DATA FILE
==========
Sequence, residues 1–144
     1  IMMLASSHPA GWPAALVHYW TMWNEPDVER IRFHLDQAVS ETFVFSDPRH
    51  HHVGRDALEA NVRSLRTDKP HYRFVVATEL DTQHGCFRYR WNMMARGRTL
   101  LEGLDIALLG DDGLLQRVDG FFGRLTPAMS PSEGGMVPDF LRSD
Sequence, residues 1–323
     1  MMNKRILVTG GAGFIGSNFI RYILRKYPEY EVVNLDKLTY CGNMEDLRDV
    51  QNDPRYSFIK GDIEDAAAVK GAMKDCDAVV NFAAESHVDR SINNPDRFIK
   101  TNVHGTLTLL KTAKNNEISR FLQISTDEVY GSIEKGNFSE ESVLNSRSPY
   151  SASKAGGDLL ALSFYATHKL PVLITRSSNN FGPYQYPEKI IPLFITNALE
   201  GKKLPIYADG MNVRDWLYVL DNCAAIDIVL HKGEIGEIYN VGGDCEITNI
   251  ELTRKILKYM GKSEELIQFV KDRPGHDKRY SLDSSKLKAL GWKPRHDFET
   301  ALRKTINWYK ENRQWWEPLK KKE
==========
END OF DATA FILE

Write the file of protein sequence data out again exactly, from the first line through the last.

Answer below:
Sequence, residues 1–144
     1  IMMLASSHPA GWPAALVHYW TMWNEPDVER IRFHLDQAVS ETFVFSDPRH
    51  HHVGRDALEA NVRSLRTDKP HYRFVVATEL DTQHGCFRYR WNMMARGRTL
   101  LEGLDIALLG DDGLLQRVDG FFGRLTPAMS PSEGGMVPDF LRSD
Sequence, residues 1–323
     1  MMNKRILVTG GAGFIGSNFI RYILRKYPEY EVVNLDKLTY CGNMEDLRDV
    51  QNDPRYSFIK GDIEDAAAVK GAMKDCDAVV NFAAESHVDR SINNPDRFIK
   101  TNVHGTLTLL KTAKNNEISR FLQISTDEVY GSIEKGNFSE ESVLNSRSPY
   151  SASKAGGDLL ALSFYATHKL PVLITRSSNN FGPYQYPEKI IPLFITNALE
   201  GKKLPIYADG MNVRDWLYVL DNCAAIDIVL HKGEIGEIYN VGGDCEITNI
   251  ELTRKILKYM GKSEELIQFV KDRPGHDKRY SLDSSKLKAL GWKPRHDFET
   301  ALRKTINWYK ENRQWWEPLK KKE